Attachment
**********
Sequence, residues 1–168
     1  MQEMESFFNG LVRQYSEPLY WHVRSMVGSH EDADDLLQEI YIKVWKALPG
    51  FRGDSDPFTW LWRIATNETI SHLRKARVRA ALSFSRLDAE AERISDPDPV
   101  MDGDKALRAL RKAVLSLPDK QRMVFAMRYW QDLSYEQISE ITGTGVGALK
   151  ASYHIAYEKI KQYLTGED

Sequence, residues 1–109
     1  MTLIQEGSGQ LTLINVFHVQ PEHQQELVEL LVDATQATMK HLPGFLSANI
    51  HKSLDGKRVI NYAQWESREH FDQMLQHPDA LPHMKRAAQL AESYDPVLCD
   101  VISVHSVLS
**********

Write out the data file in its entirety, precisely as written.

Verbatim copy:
Sequence, residues 1–168
     1  MQEMESFFNG LVRQYSEPLY WHVRSMVGSH EDADDLLQEI YIKVWKALPG
    51  FRGDSDPFTW LWRIATNETI SHLRKARVRA ALSFSRLDAE AERISDPDPV
   101  MDGDKALRAL RKAVLSLPDK QRMVFAMRYW QDLSYEQISE ITGTGVGALK
   151  ASYHIAYEKI KQYLTGED

Sequence, residues 1–109
     1  MTLIQEGSGQ LTLINVFHVQ PEHQQELVEL LVDATQATMK HLPGFLSANI
    51  HKSLDGKRVI NYAQWESREH FDQMLQHPDA LPHMKRAAQL AESYDPVLCD
   101  VISVHSVLS